Saturday, December 22, 2012

Christmas decorations, Japanese-style...

Part 2 of my Hiroshima cultural trip Dec. 13 (Click here for Part 1, the Mazda (automaker) Museum) was a trip to one of the large (by Japanese standards) malls in Hiroshima. The Aeon Mall  is where, if I squinted my eyes a bit and didn't try to decipher any languages I heard around me, I felt like I was back home, Christmas shopping in a Southern California suburb. Those of you in the Orange County, CA, area, or who are familiar with it, the Aeon Mall is larger than the Laguna Hills Mall, but a bit smaller than the Mission Viejo Mall. And Pensacola peeps, it puts that mall to shame.

Note to parent: Dad, I'm sorry, I don't know the significance of the train. You'll just have to come out here and visit to find out for yourself. ;)

The Aeon Mall does boast some very familiar stores... Sports Authority, Toys R Us, the Body Shop. And one of my personal favorites from back home... Golden Spoon Frozen Yogurt!

They even have the same yogurt flavors, including two of my favorites, cake batter and the tart one. But the sizes (and corresponding process, were a bit different. Here's the size display that was at the register:

Here are the mall decorations... again, very similar to America, along with the Christmas carols that were playing throughout the mall and in each store. For a nation that isn't Christian, they sure do love this holiday season. And, please note all of the English signage. This is in the heart of a major city in Japan. English has very much gone global....

English may have gone global, but that doesn't mean there isn't something lost in the translation.

There were posters and displays all over the mall, promoting the "Many Christmas" theme. I have not idea if this is a nod to "The 12 Days of Christmas" with some poor grammar, or if someone in the mall's marketing department confused someone's handwriting. But, regardless, this year, Aeon Mall wishes a Many Christmas to all!

Some interesting items I found at the mall. Well, I, at least found them interesting:

Loved this bench! Multipurpose and in my colors!

This is a men's store called Union Station. I did get Rodney a gift from this store, but it was not one of those man purses. They just didn't have one that wouldn't clash with Marine Corps camo.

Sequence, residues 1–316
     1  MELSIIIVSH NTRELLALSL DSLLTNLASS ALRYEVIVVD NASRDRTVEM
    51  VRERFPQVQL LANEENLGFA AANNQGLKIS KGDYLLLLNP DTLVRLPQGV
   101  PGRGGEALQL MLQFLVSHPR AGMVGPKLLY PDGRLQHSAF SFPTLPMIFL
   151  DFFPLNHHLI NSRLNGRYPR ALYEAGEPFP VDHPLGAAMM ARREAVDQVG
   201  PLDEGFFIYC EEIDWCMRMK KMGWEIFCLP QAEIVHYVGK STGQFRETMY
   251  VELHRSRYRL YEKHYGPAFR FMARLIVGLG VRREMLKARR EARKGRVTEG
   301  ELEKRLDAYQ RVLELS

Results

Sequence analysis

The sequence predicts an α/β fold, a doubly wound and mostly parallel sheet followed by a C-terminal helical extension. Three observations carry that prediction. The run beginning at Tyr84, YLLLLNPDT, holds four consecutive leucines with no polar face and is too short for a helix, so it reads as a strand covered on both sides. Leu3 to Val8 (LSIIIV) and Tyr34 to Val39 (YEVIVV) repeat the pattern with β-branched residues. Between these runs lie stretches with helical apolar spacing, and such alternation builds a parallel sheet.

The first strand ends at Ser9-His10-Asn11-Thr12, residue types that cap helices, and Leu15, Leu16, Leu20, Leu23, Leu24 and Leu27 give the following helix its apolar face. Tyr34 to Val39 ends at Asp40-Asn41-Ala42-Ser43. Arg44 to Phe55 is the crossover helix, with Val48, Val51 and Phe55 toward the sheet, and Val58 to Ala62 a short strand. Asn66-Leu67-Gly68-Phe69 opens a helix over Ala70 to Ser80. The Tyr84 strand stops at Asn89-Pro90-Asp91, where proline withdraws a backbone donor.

So, my friend, Yolanda and I had a deep discussion about what kind of store was called "Starvations." I went with the opposite of Lane Bryant: a store for anorexic and bulimic women (not that these diseases are at all humorous.) Really skinny twig-like Japanese women whose waists are the size of my wrist. I was wrong. It's a children's clothing store, of course! Again, someone in some marketing department somewhere got a few wires crossed with the translation.

Also interesting to note: The Japanese do not send Christmas cards to each other. They send New Years postcards. Generally, these are a picture of your family on the front of a card and then the address of the recipient on the back. And the Japanese post office takes very good care of these cards so they aren't ruined. Envelopes are not necessary. Perhaps the USPS should take a little field trip over to Tokyo to find out how it's done. Here are some of the postcard choices available:

Now for a bit of a change of topic. As always, I am collecting some wonderful Janglish that I've found around Japan in my travels. Here are some of my favorites:

I think they had my 6-year old help them copy write for this label. 

Just add fire?

Um, I don't think my husband would want me to order any more of that, thank you.

And something fun here on base: Two Sergeant Majors live across from each other. Clearly the one on the right was not channeling his inner Clark Griswold this year:

Merry Christmas to all!

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